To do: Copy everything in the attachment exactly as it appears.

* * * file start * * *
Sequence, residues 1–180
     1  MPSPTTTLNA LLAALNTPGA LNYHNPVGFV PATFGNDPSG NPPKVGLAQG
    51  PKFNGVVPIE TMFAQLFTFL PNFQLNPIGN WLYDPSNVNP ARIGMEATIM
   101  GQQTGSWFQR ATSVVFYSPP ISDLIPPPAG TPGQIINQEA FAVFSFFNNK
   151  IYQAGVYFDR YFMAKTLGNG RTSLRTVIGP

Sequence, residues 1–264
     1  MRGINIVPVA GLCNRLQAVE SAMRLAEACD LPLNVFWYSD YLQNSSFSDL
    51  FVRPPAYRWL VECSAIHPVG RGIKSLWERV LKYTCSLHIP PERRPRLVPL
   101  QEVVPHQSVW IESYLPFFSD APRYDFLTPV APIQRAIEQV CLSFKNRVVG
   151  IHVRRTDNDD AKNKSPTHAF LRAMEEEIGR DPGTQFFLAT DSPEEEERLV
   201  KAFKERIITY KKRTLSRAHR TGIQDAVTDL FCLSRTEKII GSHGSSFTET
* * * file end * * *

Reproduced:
Sequence, residues 1–180
     1  MPSPTTTLNA LLAALNTPGA LNYHNPVGFV PATFGNDPSG NPPKVGLAQG
    51  PKFNGVVPIE TMFAQLFTFL PNFQLNPIGN WLYDPSNVNP ARIGMEATIM
   101  GQQTGSWFQR ATSVVFYSPP ISDLIPPPAG TPGQIINQEA FAVFSFFNNK
   151  IYQAGVYFDR YFMAKTLGNG RTSLRTVIGP

Sequence, residues 1–264
     1  MRGINIVPVA GLCNRLQAVE SAMRLAEACD LPLNVFWYSD YLQNSSFSDL
    51  FVRPPAYRWL VECSAIHPVG RGIKSLWERV LKYTCSLHIP PERRPRLVPL
   101  QEVVPHQSVW IESYLPFFSD APRYDFLTPV APIQRAIEQV CLSFKNRVVG
   151  IHVRRTDNDD AKNKSPTHAF LRAMEEEIGR DPGTQFFLAT DSPEEEERLV
   201  KAFKERIITY KKRTLSRAHR TGIQDAVTDL FCLSRTEKII GSHGSSFTET